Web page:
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Binnawooda SpringTyrone
Binnawooda Spring, Co. Fermanagh; main rock face at spring entrance is formed of calcareous sandstones at base of Bin Mountain Sandstone Formation; strata in side of lane are at top of Claragh Sandstone Formation.
Summary Full report
Site Type: Stream section
Site Status: PASSI
District: Strabane District Council
Grid Reference: H2476
Rock Age: Carboniferous (Arundian, Chadian, Visean)
Rock Name: Bin Mountain Sandstone Formation, Claragh Sandstone Formation, Tyrone Group
Rock Type: Limestone, Mudstone, Sand, Sandstone, Siltstone
Fossil Groups: Brachiopod, Coral, Foraminifera, Gastropod, Nautiloid, Trace fossil, Trace fossils
Other interest: No data, No Data

Summary of site:

Around the 250m contour on the north face of Bin Mountain in the Binnawooda area, a spring emerges on the east bank of the farm lane. The section of rocks in the bank and the immediate area around exposes the contact between the Claragh Sandstone Formation below and the Bin Mountain Sandstone Formation above. Both these formations belong to the Visean epoch of the early Carboniferous period.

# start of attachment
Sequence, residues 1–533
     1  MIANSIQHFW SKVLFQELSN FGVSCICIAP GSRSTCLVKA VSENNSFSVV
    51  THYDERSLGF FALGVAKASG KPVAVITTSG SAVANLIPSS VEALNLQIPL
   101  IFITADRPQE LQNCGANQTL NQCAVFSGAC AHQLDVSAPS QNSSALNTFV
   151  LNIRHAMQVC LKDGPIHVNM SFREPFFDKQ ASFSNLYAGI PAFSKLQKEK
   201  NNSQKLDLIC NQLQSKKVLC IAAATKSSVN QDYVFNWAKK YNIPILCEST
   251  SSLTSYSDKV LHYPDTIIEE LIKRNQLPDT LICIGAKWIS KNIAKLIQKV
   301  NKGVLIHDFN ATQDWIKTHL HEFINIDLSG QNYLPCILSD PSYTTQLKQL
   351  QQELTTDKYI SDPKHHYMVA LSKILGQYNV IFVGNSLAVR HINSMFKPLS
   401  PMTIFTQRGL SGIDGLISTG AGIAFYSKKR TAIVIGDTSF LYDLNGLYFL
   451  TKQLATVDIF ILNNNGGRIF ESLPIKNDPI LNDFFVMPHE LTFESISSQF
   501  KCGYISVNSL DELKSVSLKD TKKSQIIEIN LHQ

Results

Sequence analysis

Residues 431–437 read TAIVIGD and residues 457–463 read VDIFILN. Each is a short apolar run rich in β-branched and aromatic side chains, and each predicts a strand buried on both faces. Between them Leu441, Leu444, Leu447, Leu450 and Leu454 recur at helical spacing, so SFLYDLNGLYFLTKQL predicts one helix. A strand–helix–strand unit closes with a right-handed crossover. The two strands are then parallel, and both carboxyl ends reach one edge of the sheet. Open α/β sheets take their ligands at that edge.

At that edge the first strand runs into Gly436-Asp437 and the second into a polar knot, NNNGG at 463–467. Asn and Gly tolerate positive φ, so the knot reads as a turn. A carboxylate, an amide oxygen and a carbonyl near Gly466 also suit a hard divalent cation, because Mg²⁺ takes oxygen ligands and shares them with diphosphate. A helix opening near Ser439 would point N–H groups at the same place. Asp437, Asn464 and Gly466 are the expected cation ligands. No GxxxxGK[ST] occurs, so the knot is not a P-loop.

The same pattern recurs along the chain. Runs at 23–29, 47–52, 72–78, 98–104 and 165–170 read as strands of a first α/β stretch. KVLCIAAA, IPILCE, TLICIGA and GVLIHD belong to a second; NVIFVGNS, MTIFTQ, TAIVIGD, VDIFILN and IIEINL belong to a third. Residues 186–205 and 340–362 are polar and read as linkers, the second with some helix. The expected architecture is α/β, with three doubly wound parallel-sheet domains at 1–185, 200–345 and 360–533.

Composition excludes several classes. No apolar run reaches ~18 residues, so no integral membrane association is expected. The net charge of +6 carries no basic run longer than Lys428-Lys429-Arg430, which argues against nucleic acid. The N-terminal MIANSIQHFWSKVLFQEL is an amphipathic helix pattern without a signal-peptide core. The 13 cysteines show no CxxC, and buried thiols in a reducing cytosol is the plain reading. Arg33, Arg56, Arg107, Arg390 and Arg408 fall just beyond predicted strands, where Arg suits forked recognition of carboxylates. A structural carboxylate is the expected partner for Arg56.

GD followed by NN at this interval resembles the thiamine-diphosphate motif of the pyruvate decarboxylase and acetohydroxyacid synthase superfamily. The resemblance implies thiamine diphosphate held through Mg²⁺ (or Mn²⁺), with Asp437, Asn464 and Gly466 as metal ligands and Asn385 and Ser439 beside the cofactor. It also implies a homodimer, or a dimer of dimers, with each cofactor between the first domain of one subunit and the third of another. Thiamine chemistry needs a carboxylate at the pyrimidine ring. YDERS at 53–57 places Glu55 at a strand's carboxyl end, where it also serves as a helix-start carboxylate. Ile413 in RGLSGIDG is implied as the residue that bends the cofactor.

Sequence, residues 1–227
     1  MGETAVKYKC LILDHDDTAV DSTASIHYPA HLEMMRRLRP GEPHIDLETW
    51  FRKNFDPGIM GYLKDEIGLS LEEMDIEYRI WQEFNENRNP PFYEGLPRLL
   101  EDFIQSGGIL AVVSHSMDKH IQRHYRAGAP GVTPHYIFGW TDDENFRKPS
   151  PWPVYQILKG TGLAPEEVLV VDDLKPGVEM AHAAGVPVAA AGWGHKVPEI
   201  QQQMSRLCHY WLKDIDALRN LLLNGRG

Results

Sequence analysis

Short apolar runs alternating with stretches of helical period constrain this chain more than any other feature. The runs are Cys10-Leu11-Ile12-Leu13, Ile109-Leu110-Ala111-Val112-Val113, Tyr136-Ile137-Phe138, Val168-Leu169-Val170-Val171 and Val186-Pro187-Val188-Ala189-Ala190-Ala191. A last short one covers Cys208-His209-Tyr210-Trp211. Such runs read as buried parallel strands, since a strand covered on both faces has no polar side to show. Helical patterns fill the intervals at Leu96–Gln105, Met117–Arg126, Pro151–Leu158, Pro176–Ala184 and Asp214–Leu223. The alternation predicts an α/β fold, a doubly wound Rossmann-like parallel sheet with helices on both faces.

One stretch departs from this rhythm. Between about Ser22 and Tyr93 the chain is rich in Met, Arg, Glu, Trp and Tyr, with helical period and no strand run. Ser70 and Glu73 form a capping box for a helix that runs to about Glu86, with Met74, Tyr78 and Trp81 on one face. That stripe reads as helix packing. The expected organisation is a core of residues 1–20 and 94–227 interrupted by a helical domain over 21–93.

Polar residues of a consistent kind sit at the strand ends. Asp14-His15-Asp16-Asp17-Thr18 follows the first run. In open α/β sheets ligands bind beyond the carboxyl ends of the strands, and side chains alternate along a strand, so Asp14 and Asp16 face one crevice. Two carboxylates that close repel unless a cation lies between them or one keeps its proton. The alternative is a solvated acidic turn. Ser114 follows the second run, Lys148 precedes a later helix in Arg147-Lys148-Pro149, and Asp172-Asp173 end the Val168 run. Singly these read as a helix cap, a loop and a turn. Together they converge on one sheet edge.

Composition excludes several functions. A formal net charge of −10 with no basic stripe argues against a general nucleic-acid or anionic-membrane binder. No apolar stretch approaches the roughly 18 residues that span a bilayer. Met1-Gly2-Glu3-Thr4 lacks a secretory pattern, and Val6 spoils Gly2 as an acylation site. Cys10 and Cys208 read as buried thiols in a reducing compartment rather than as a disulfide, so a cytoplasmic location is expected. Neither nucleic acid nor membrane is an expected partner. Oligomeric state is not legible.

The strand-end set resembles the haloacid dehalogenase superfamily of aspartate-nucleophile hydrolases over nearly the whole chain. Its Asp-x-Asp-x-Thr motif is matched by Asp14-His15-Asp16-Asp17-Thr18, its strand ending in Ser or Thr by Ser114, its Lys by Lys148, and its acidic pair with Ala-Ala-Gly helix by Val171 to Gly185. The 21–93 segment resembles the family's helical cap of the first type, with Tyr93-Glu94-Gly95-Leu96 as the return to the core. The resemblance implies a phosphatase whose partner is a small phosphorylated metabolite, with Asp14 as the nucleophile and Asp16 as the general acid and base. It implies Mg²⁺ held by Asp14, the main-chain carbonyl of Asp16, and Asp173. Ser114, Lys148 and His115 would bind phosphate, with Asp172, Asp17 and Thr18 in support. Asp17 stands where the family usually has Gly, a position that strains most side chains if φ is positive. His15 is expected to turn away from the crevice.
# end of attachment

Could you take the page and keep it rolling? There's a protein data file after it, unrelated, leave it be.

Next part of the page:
The Claragh Sandstone exposed in the stream consists of very thick beds of a sandstone rich in feldspar (an arkose), topped by 3m of fine to medium grained sandstones with gradations of colour from fawn through grey to green. There are also some siltstones. The upper sandstone shows signs of erosion before burial by a grey-green, sandy mudstone (a little over 1m thick) and it incorporates thin limestones formed near the tidal zone. The microscopic fauna and flora of these beds confirms their Visean age. Just north of the spring line the lowest beds of the Bin Mountain Sandstone are exposed and the section continues in the cliff behind where over 4m of medium to fine grained sandy limestone with an impoverished fauna can be seen. A further 4m of blue-grey, fine to medium grained limestones outcrop in the farm lane extending west of the bend terminating in a thin, grey-green mudstone containing small, calcite filled cavities. All these limestones have been churned up by sediment feeding animals. Recognisable fossils are rare in these rocks but they are significant where they do occur, particularly the corals Michelinia megastoma and Dorlodotia pseudovermiculare which indicate a Chadian age (confirmed by a range of microscopic foraminifera that suggest the early part of the stage). These rocks are therefore about 350 million years old. The arkoses of the Claragh Sandstone imply that coarse sediment was swept into a coastal marine environment and rapidly buried. The Bin Mountain Sandstone Formation in its early stages appears to have been deposited in a shallow marine environment capable of sustaining only a limited fauna of visible fossils, chiefly brachiopods and corals. At the time of formation, these rocks were marginal to a continent moving northwards over the equator at the rate of a couple of centimetres a year. The site is an open fell side of upland grazing with no obvious threats.

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